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Born in Manama, Bahrain |

While many aspects of Bahrain are ‘thriving’, for expatriates like Niya, there are few opportunities for post-secondary education. Since her parents didn’t want their children living away from ‘home’ for university, they decided to move the whole family to Toronto.  Niya appreciates the intellectual, political, social and economic independence she has here. As she says: “Elsewhere in the world, I may not have had…the freedom to pursue my degree in Sexual Diversity Studies [nor would I] have been able to move out of my parents’ home [before marriage].” She says being a homeowner at 25, in a city that is “so full of life” gives her a feeling of accomplishment and happiness. “This city brings so many people with so many different ways of seeing the world together that each meeting, each friendship, each relationship, teaches me things about myself and about the world.”  Currently Niya works as the Senior Communications Planner (Digital Media) for the Ontario Public Service.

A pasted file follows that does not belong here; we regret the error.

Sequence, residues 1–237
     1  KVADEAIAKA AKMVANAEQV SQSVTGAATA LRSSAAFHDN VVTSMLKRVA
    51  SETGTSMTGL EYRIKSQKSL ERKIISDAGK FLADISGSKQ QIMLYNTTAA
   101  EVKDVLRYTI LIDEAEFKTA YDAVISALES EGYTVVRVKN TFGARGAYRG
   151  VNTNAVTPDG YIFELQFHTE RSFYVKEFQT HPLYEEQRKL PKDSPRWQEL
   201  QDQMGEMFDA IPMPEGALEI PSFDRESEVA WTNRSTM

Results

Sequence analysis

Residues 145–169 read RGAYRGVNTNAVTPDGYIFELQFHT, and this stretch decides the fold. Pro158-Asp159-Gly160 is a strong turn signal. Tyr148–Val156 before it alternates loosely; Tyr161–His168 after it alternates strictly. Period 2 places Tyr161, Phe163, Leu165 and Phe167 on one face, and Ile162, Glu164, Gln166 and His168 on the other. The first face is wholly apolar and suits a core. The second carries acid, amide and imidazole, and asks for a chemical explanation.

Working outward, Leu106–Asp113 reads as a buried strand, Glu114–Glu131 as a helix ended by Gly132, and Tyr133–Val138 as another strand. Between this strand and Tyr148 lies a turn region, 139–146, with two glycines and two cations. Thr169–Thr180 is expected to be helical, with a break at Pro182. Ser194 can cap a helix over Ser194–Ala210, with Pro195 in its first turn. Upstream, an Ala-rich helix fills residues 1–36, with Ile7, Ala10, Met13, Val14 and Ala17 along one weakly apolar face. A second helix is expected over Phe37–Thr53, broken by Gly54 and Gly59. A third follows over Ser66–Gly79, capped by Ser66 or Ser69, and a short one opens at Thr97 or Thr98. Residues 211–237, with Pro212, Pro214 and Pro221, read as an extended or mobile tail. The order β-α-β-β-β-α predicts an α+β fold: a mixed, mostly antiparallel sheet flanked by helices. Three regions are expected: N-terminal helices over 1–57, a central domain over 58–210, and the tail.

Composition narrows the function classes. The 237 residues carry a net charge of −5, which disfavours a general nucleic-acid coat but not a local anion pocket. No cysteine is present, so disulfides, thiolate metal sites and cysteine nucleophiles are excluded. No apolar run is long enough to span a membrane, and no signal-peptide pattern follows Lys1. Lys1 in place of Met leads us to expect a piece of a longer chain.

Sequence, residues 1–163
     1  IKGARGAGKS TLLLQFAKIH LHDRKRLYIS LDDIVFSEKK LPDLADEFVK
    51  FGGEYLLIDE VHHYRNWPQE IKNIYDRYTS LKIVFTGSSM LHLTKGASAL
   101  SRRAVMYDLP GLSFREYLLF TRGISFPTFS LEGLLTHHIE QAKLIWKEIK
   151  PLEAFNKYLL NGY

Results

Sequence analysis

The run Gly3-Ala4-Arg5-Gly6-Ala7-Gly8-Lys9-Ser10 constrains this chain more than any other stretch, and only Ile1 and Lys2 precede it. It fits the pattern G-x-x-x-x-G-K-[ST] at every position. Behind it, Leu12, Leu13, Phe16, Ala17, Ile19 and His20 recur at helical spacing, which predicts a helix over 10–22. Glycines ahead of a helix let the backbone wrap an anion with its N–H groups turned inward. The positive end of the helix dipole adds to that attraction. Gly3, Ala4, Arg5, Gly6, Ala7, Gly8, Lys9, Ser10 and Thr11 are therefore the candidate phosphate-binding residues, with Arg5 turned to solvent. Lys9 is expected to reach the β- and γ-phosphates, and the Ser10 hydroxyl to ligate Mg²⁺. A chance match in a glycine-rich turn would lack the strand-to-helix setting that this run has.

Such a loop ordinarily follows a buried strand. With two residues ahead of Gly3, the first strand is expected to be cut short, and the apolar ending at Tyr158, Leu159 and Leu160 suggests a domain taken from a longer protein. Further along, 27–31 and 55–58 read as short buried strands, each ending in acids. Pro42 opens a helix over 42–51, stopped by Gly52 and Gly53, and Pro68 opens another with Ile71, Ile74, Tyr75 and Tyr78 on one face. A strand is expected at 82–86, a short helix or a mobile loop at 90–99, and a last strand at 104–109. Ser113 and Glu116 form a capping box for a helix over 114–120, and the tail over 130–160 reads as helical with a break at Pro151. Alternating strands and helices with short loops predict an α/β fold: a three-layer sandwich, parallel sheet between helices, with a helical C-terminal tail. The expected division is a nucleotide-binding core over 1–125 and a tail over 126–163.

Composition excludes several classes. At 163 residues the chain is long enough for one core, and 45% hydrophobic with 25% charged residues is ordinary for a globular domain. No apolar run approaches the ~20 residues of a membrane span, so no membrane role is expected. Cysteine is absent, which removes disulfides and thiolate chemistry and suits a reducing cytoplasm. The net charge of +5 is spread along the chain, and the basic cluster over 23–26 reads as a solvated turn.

Toronto as Home

Niya wanted to be photographed at St. George Campus at the University of Toronto, a place she refers to as her “first home in the city”. On this campus she developed her sense of self, ability to think critically and strategically, her passion for active, involved citizenship, her voice as a leader, and the lens through which she sees the world. She also made some of her closest friends here. The University of Toronto continues to nurture her whether it’s academically through lectures and art, professionally through wonderful opportunities for alumni to connect with each other, or personally through its quiet spaces that allow for deep thinking.

Connection with the Past

Niya is holding her paternal grandmother’s book of hand written recipes. As she explains: “It has handwritten samples from three generations of women who have left their home countries in search of a better life.” It contains recipes from a diasporic community that is rapidly being assimilated and is facing the loss of its language, traditions and food. According to Niya, “there are few Sindhi’s in the world who can read or write the script, or speak the language – while the food may take a little longer to die out thanks to recipe books like this one.” Food has been something that has always brought her family together with her and her parents even jointly owning a restaurant for five years.

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